BOTTLE CAP BOYS

DANCING ON ROYAL STREET

An important story that just doesn’t quite come together.

The tale of two brothers who have a tip-top, tapping time on the streets of New Orleans.

Rudy, wearing a green-sleeved T-shirt, and his brother Randy, wearing purple, meet on Royal Street, press bottle caps into the bottoms of their white tennis shoes, and the duel commences. They tap dance for audiences large and small, the rhyming text echoing the rhythms of their movement. To help readers keep track of the back-and-forth dialogue, each boy’s words are set in type that matches his shirt color. The text makes clear the goal of this duel: “who dances best / Eats good tonight.” Beignets, pralines, red beans, jambalaya, and “po’boys for poor boys” will constitute their feast, and they plan to save a seat on the trolley for Mama. Williams-Garcia tells an important story of how many industrious African-American boys in New Orleans make money entertaining tourists, but readers who expect the brilliance of One Crazy Summer (2010) and its sequels will find this picture book a disappointment. Lackluster illustrations that flatten out rather than enhance the racial and ethnic diversity of the spectators detract further from the book’s appeal. Williams-Garcia ends with a note about her experiences with New Orleans bottle-cap boys and provides a culinary glossary for those unfamiliar with Creole and Cajun cuisine.

An important story that just doesn’t quite come together. (Picture book. 3-6)

Pub Date: Oct. 15, 2015

ISBN: 978-1-60349-030-6

Page Count: 32

Publisher: Marimba Books

Review Posted Online: July 17, 2015

Kirkus Reviews Issue: Aug. 1, 2015

CINDERELLA

From the Once Upon a World series

A nice but not requisite purchase.

A retelling of the classic fairy tale in board-book format and with a Mexican setting.

Though simplified for a younger audience, the text still relates the well-known tale: mean-spirited stepmother, spoiled stepsisters, overworked Cinderella, fairy godmother, glass slipper, charming prince, and, of course, happily-ever-after. What gives this book its flavor is the artwork. Within its Mexican setting, the characters are olive-skinned and dark-haired. Cultural references abound, as when a messenger comes carrying a banner announcing a “FIESTA” in beautiful papel picado. Cinderella is the picture of beauty, with her hair up in ribbons and flowers and her typically Mexican many-layered white dress. The companion volume, Snow White, set in Japan and illustrated by Misa Saburi, follows the same format. The simplified text tells the story of the beautiful princess sent to the forest by her wicked stepmother to be “done away with,” the dwarves that take her in, and, eventually, the happily-ever-after ending. Here too, what gives the book its flavor is the artwork. The characters wear traditional clothing, and the dwarves’ house has the requisite shoji screens, tatami mats and cherry blossoms in the garden. The puzzling question is, why the board-book presentation? Though the text is simplified, it’s still beyond the board-book audience, and the illustrations deserve full-size books.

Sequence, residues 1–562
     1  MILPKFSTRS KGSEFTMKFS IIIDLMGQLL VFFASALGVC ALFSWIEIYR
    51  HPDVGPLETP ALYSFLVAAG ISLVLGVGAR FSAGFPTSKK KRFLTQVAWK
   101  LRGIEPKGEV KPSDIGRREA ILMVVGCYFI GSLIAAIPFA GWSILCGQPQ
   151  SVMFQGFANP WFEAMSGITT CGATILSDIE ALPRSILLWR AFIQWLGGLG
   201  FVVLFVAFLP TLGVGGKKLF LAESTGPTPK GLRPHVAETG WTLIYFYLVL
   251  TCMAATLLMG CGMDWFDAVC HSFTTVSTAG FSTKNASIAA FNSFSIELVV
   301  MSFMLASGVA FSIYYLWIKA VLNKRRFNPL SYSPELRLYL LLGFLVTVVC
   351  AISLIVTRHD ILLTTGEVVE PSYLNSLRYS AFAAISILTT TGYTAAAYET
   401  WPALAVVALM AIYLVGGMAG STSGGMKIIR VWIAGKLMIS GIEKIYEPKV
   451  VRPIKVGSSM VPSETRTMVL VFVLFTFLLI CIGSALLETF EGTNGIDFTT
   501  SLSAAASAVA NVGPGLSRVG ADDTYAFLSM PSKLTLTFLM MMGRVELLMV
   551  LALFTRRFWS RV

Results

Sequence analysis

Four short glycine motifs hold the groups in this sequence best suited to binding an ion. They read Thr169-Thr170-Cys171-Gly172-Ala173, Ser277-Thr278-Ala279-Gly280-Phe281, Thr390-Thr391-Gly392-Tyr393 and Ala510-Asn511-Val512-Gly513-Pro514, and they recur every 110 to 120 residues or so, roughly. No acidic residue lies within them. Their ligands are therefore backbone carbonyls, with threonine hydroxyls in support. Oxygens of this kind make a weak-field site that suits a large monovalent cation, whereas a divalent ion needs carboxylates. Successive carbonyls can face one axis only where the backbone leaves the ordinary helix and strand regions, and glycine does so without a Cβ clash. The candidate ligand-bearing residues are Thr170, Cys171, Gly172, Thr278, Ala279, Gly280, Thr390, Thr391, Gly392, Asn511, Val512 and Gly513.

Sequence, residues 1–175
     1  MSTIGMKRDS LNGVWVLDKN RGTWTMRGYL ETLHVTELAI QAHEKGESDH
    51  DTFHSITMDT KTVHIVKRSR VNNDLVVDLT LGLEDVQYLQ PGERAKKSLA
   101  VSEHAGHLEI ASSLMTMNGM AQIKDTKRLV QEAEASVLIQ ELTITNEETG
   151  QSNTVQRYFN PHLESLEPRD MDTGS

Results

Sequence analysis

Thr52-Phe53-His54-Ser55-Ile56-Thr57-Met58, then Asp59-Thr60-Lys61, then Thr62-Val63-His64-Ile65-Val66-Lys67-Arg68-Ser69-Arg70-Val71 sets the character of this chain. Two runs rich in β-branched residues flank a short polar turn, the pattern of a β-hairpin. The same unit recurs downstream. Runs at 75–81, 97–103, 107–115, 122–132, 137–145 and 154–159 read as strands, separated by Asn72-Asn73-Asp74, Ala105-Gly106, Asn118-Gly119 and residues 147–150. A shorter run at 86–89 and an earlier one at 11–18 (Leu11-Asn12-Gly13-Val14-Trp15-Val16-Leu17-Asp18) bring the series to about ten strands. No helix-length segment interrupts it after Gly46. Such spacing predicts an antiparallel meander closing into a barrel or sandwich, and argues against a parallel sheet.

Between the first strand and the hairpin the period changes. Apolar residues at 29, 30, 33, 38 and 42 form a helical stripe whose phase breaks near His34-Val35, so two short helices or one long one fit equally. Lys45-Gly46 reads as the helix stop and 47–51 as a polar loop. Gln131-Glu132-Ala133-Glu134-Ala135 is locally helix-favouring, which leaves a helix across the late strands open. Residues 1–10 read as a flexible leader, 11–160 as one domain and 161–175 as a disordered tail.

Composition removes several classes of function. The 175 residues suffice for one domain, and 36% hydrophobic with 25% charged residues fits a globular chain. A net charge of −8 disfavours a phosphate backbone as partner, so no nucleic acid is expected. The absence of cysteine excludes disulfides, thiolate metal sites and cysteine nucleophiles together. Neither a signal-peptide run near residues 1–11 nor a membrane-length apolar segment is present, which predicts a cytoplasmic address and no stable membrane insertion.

A nice but not requisite purchase. (Board book/fairy tale. 3-5)

Pub Date: Sept. 13, 2016

ISBN: 978-1-4814-7915-8

Page Count: 24

Publisher: Little Simon/Simon & Schuster

Review Posted Online: Oct. 11, 2016

Kirkus Reviews Issue: Jan. 1, 2017

THE GRUFFALO

The action of this rhymed and humorous tale centers upon a mouse who "took a stroll/through the deep dark wood./A fox saw the mouse/and the mouse looked good." The mouse escapes being eaten by telling the fox that he is on his way to meet his friend the gruffalo (a monster of his imagination), whose favorite food is roasted fox. The fox beats a hasty retreat. Similar escapes are in store for an owl and a snake; both hightail it when they learn the particulars: tusks, claws, terrible jaws, eyes orange, tongue black, purple prickles on its back. When the gruffalo suddenly materializes out of the mouse's head and into the forest, the mouse has to think quick, declaring himself inedible as the "scariest creature in the deep dark wood," and inviting the gruffalo to follow him to witness the effect he has on the other creatures. When the gruffalo hears that the mouse's favorite food is gruffalo crumble, he runs away. It's a fairly innocuous tale, with twists that aren't sharp enough and treachery that has no punch. Scheffler's funny scenes prevent the suspense from culminating; all his creatures, predator and prey, are downright lovable. (Picture book. 3-6)

Pub Date: June 1, 1999

ISBN: 0-8037-2386-5

Page Count: 32

Publisher: Dial Books

Review Posted Online: May 19, 2010

Kirkus Reviews Issue: June 1, 1999

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